It’s not that gorging is bad, in and of itself. It’s just that the way most people gorge – at Chinese buffets, also known as oxidized soybean oil troughs; on late-night post-bar dollar menu runs; as a steady trickle of office snacks throughout the day that’s more like an epic Roman feast without the strategic vomiting than any definition of snacking I’ve ever seen – (and especially what they gorge on) is bad. I actually like a good gorge every now and then (though I usually abstain simply because post-gorging is often uncomfortable). If you stick to the right Primal foods, and make sure you’ve earned it (a fast, a heavy lifting session, you just cooked the most amazing roast chicken and you can’t bring yourself to leave it unfinished), go ahead and pig out. Just don’t make every meal a feast.
Satiety is a murky concept that’s always changing. Satiety is contextual. If I’m coming off a 24-hour fast, my idea of satiety might involve some heavy breathing at the end of it, perhaps even a bit of regret. Then again, I have a good handle on my hunger. It doesn’t control me. It comes at a reasonable time, I respond by eating something, and it goes away until it’s time to come again. My hunger isn’t constantly texting me, or poking me on Facebook, or loitering around outside my house, or anything like that. No, it arrives at almost exactly the right time, every time.
If you have that kind of relationship with your satiety signals, go ahead and indulge every now and then.
We’ve had a few emails in the past, though I’m sure you get tons every day. I’ve been primal for 2 years (age 23), and it’s a wonderful change from the 3 years of vegetarianism I had before hand. I’m currently in graduate school working on getting into medical school.
Here’s something I just came across in biochemistry that I thought was interesting:
In discussing the hydrogenation of unsat. fat, we learned that full hydrogenation yields a completely sat. fat, it appears that only partial hydrogenation gives rise to trans fat. I’m sure it depends on the length of the fat, but typically stearate is the result of complete hydrogenation, which is a C18 and can be metabolized. So, based on that, is a fully hydrogenated fat all that bad?
I’m sure most of the foods that use such fat as an ingredient are negated by the rest of the ingredient list, but I just thought it was an interesting piece of information.
I (and many others, I think) have a knee-jerk negative reaction to the word “hydrogenation,” but a fully hydrogenated fat is indeed fully saturated stearic acid. In fact, some studies even use fully hydrogenated oils to examine the effects of stearic acid, like they do here. Using fully hydrogenated soybean oil as the stearate, the authors found that a high intake of stearic acid lowered LDL cholesterol to a greater extent than either the palmitic acid or oleic acid diets.
On the question of digestibility/metabolization, there is this: a study found that rats digest fully hydrogenated oil quite poorly. Whereas they could assimilate between 94-98% of the soybean, medium chain triglyceride, and hydrogenated coconut oils, rats were only about to digest about 30% of the fully hydrogenated soybean oil. Fully hydrogenated soybean oil-fed rats produced three times as much fecal matter, and something tells me those weren’t your typical well-formed and firm rat droppings. Of course, the study’s authors tout this as a “potential benefit” of fully hydrogenated oils.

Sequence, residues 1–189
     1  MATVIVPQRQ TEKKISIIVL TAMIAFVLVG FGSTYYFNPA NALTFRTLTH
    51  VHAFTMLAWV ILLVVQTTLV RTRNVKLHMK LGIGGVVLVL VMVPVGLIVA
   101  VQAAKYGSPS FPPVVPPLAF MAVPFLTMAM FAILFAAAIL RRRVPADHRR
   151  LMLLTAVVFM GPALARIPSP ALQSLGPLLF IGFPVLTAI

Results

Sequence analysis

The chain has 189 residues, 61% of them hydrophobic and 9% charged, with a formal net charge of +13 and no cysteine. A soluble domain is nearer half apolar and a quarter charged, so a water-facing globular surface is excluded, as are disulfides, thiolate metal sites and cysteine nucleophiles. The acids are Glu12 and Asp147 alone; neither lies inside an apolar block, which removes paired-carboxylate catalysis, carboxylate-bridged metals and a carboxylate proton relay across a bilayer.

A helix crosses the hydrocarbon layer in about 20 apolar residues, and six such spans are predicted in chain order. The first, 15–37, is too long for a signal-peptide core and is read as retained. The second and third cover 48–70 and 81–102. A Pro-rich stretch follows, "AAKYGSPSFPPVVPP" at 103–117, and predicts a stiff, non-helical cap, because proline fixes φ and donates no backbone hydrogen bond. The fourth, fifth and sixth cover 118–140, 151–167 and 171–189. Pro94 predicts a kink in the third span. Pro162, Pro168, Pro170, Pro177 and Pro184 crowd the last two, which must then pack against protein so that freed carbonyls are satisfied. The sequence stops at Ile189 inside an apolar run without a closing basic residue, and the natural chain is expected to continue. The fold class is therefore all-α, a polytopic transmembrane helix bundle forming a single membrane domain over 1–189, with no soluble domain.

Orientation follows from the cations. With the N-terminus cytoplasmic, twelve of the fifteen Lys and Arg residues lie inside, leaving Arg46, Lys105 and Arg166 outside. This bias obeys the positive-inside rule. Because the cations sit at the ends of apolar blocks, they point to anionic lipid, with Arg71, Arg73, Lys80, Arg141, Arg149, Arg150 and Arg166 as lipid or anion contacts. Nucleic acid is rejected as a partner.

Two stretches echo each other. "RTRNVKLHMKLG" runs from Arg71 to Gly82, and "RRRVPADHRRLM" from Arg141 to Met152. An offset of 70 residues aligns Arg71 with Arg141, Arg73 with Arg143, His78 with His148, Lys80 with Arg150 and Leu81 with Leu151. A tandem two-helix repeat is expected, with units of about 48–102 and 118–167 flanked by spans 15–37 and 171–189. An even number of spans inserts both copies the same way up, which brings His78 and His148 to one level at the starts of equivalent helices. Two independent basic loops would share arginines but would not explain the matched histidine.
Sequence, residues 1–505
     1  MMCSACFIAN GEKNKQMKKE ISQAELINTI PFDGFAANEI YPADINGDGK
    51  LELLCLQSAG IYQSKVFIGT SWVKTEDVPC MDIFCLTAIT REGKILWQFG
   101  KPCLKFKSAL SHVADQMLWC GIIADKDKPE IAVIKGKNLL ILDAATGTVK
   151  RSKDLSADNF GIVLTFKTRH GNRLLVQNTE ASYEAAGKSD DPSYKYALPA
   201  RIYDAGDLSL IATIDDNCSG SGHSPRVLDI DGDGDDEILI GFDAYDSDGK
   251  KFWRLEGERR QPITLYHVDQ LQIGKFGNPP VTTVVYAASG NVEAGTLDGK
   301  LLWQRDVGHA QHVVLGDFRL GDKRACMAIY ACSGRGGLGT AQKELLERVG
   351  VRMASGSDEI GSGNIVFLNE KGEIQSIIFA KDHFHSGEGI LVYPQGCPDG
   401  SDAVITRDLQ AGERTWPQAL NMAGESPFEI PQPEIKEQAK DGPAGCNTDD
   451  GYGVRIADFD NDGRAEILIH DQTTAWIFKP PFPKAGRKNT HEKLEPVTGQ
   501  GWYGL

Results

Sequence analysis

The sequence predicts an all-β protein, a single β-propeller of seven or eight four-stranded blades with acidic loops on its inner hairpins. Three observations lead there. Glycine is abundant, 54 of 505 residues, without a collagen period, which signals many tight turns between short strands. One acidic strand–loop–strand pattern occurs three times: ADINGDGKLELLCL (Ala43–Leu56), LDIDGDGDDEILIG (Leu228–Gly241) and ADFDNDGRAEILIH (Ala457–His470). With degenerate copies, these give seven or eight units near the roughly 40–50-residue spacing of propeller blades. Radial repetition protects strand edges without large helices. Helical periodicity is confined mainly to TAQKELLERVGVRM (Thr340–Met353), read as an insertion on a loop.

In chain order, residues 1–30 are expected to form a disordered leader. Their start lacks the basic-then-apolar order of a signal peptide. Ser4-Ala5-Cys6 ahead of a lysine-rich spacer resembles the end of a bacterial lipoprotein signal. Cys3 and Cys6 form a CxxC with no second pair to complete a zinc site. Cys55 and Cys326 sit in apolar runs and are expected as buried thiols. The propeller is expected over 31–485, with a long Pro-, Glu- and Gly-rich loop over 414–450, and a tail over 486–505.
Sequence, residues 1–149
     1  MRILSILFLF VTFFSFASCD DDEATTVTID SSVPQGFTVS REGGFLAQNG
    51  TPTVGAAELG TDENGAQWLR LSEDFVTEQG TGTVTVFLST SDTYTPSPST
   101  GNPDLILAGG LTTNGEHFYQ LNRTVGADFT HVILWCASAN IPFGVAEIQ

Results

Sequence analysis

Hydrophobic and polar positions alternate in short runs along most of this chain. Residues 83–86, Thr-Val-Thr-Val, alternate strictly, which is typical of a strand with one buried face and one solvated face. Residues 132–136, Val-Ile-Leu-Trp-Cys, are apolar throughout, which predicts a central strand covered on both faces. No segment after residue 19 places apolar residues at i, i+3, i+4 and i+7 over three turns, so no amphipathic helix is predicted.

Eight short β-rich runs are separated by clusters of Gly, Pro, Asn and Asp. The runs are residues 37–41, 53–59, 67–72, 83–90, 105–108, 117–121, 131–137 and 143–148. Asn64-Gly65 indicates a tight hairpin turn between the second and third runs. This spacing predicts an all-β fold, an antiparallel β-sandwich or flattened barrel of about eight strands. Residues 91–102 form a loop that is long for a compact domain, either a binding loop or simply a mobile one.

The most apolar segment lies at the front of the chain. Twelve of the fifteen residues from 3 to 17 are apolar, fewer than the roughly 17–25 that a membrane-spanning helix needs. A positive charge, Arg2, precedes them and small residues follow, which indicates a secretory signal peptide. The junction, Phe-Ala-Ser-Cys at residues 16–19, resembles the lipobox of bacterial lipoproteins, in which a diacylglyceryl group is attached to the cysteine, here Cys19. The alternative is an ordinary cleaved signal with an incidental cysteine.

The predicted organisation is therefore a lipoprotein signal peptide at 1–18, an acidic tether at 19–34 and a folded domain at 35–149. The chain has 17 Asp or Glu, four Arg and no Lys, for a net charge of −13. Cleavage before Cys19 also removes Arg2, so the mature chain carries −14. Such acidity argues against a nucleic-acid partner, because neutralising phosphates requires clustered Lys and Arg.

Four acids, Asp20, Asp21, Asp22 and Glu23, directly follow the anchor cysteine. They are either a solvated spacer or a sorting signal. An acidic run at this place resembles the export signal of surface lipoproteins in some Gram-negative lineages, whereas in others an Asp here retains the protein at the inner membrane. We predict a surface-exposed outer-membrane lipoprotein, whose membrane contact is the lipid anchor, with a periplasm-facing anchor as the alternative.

But then there’s also this: a study (PDF) in which rats fed cocoa butter, rich in stearic-acid (the saturated fatty acid that fully hydrogenated oil becomes), also had trouble absorbing it. The stearic acid in cocoa butter is natural, not industrially-induced, and it still had the same effect in rats. It looks like it’s the stearic acid to “blame,” not the hydrogenation.
As Dr. Michael Eades is fond of saying, rats are not furry little humans. I’m still not eating the stuff, but from an objective analysis it’s probably safer than partially hydrogenated fat.
I was wondering what your thoughts are on the nutritional value of frozen fruits and vegetables (really I’m more concerned about fruits, but I figure the two go together). The reason I ask is that the fruits in my local area suck, even at the farmer’s markets and Whole Foods. Almost all of them are either under-ripe or rotten. Also, the cost seems extravagant for the terrible quality. From what I’ve read frozen fruits and veggies tend to be “flash frozen” at their optimal ripeness and, because of this, can preserve more nutrients than “fresh” fruits and vegetables. Is this true, or just another marketing gimmick?
Rather than opining or trusting marketing, let’s take a look at some research:
In raspberries, flash-freezing only “slightly affected” ellagic acid (an antioxidant), phenolic, and vitamin C content, but after a year in the freezer, ellagic acid and vitamin C levels were 14-21% and 33-55% lower, respectively. Fresh fruit won out in the study, but “just frozen” was right behind it.
You’re mostly concerned with fruits, but what about vegetables? Another study compared fresh to frozen vegetables for vitamin C content, including spinach, broccoli, peas, and green beans. Frozen generally performed well against fresh, scoring only slightly lower than freshly harvested vegetables. These were straight-outta-the-ground fresh, however; the authors note that frozen vegetables bested standard grocery store fresh produce quite handily.
The research is very consistent. If you can’t get decent fresh produce, frozen is totally worth it – and sometimes superior to “fresh” produce that’s been sitting around the store for awhile. I myself always keep a few bags of frozen blueberries, raspberries, and strawberries on hand. I’d keep blackberries, but I’ve never found a good frozen blackberry.
Whatever you do, make sure to lick the bowl if you let your frozen blueberries thaw. Anthocyanin leakage is very real.
Thanks for reading and asking, folks. Keep the questions coming!